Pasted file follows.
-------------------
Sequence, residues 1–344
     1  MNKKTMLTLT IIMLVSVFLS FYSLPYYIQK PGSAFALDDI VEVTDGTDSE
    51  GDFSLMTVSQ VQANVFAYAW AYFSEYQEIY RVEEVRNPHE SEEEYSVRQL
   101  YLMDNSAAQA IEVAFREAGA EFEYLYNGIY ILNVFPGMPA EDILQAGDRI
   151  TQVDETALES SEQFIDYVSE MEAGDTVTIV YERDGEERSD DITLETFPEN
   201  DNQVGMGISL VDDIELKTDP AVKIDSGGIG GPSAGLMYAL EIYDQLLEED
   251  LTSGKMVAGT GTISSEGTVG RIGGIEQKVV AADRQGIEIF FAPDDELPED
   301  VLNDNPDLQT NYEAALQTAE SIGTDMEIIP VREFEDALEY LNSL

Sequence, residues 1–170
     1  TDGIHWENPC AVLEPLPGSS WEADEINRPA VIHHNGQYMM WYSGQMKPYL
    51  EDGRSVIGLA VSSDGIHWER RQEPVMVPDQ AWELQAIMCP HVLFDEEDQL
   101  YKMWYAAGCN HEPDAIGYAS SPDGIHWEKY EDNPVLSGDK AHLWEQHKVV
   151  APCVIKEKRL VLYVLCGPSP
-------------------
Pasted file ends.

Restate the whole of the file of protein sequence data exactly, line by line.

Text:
Sequence, residues 1–344
     1  MNKKTMLTLT IIMLVSVFLS FYSLPYYIQK PGSAFALDDI VEVTDGTDSE
    51  GDFSLMTVSQ VQANVFAYAW AYFSEYQEIY RVEEVRNPHE SEEEYSVRQL
   101  YLMDNSAAQA IEVAFREAGA EFEYLYNGIY ILNVFPGMPA EDILQAGDRI
   151  TQVDETALES SEQFIDYVSE MEAGDTVTIV YERDGEERSD DITLETFPEN
   201  DNQVGMGISL VDDIELKTDP AVKIDSGGIG GPSAGLMYAL EIYDQLLEED
   251  LTSGKMVAGT GTISSEGTVG RIGGIEQKVV AADRQGIEIF FAPDDELPED
   301  VLNDNPDLQT NYEAALQTAE SIGTDMEIIP VREFEDALEY LNSL

Sequence, residues 1–170
     1  TDGIHWENPC AVLEPLPGSS WEADEINRPA VIHHNGQYMM WYSGQMKPYL
    51  EDGRSVIGLA VSSDGIHWER RQEPVMVPDQ AWELQAIMCP HVLFDEEDQL
   101  YKMWYAAGCN HEPDAIGYAS SPDGIHWEKY EDNPVLSGDK AHLWEQHKVV
   151  APCVIKEKRL VLYVLCGPSP